In a new paper published in Physical Review Letters, University of Arizona engineering and optical sciences researchers, in collaboration with engineers from General Dynamics Mission Systems, demonstrate how a combination of two techniques – radio frequency photonics sensing and quantum metrology – can give sensor networks a previously unheard-of level of precision. The work involves transferring information from electrons to photons, then using quantum entanglement to increase the photons’ sensing capabilities.
“Entanglement allows sensors to more precisely extract features from the parameters being sensed, allowing for better performance in machine learning tasks such as sensor data classification and principal component analysis,” said assistant ECE professor Quntao Zhuang. “Our previous work provides a theoretical design of an entanglement-enhanced machine learning system that outperforms classical systems.”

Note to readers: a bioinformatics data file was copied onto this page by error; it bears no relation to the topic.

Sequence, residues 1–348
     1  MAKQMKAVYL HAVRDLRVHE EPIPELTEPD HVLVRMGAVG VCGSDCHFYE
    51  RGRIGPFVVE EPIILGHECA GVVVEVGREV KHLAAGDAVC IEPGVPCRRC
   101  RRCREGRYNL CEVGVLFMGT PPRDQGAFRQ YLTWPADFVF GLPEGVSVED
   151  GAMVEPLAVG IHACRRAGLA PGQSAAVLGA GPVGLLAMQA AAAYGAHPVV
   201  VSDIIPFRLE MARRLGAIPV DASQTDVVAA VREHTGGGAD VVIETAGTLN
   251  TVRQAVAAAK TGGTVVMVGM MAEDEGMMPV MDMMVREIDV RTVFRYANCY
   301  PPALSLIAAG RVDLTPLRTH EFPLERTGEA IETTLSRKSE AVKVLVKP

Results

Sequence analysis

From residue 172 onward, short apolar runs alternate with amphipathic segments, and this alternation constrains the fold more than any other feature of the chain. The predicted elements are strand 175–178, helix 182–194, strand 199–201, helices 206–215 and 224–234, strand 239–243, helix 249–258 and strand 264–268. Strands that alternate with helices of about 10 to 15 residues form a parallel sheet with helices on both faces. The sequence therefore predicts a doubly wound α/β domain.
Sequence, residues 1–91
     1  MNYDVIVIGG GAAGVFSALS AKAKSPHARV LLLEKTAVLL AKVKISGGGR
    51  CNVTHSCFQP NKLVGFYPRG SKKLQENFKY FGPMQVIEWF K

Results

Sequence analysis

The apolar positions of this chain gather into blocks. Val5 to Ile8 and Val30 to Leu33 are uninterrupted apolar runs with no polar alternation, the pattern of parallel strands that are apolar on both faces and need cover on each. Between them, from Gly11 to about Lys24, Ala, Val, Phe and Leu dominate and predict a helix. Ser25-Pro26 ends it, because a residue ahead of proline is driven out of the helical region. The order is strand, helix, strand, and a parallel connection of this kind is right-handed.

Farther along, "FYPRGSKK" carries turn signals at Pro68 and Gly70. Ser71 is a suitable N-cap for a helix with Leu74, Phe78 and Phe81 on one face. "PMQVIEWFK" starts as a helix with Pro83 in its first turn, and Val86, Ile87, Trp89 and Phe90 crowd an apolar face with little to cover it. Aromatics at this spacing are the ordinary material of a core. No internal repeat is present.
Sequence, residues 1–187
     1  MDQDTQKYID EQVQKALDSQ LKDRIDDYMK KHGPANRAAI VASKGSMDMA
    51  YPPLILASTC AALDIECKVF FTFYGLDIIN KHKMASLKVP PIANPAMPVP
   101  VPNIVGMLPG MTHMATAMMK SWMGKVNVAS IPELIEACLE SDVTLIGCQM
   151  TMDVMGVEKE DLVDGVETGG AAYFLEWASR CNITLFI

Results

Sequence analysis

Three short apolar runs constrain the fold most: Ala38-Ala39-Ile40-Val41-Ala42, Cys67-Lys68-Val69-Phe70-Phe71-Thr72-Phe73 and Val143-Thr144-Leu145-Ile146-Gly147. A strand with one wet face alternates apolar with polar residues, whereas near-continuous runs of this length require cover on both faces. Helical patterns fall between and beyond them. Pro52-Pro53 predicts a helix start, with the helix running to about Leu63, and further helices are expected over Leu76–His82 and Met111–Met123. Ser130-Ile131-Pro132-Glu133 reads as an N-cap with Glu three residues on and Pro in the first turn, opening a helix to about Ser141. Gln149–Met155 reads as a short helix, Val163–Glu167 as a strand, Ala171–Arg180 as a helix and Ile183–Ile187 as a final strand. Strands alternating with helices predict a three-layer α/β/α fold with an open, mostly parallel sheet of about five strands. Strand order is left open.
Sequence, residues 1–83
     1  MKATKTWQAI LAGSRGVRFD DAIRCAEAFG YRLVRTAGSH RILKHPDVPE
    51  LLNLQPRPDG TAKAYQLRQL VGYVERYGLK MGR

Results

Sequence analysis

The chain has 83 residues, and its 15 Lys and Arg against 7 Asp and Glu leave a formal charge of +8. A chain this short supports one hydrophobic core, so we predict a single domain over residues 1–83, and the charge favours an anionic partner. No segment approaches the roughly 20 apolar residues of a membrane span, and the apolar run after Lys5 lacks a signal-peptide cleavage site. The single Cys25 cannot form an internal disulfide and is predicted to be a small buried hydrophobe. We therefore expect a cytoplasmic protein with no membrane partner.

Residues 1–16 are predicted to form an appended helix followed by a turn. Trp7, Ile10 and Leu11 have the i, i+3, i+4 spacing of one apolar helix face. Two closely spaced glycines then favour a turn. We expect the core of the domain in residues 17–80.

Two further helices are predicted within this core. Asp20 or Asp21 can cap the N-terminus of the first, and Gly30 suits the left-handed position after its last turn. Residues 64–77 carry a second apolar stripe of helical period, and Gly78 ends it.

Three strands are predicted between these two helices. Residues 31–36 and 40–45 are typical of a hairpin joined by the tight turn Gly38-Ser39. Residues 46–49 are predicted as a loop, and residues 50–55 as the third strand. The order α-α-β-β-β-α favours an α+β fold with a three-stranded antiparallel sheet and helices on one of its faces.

Traditional antenna sensors transform information from RF signals to an electrical current made up of moving electrons. However, optical sensing, which uses photons, or units of light, to carry information, is much more efficient. Not only can photons hold more data than electrons, giving the signal larger bandwidth, but photonics-based sensing can transmit that signal much farther than electronics-based sensing, and with less interference.
Because optical signals offer so many advantages, the researchers used an electro-optical transducer to convert RF waves into the optical domain in a method called RF-photonics sensing.
Zhuang had previously demonstrated a theoretical framework to boost performance by teaming up entangled sensors. This new experiment demonstrated for the first time that a network of three sensors can be entangled with one another, meaning they all receive the information from probes and correlate it together simultaneously. The experiment opens the door to the possibility of applying the technique to networks of hundreds of sensors.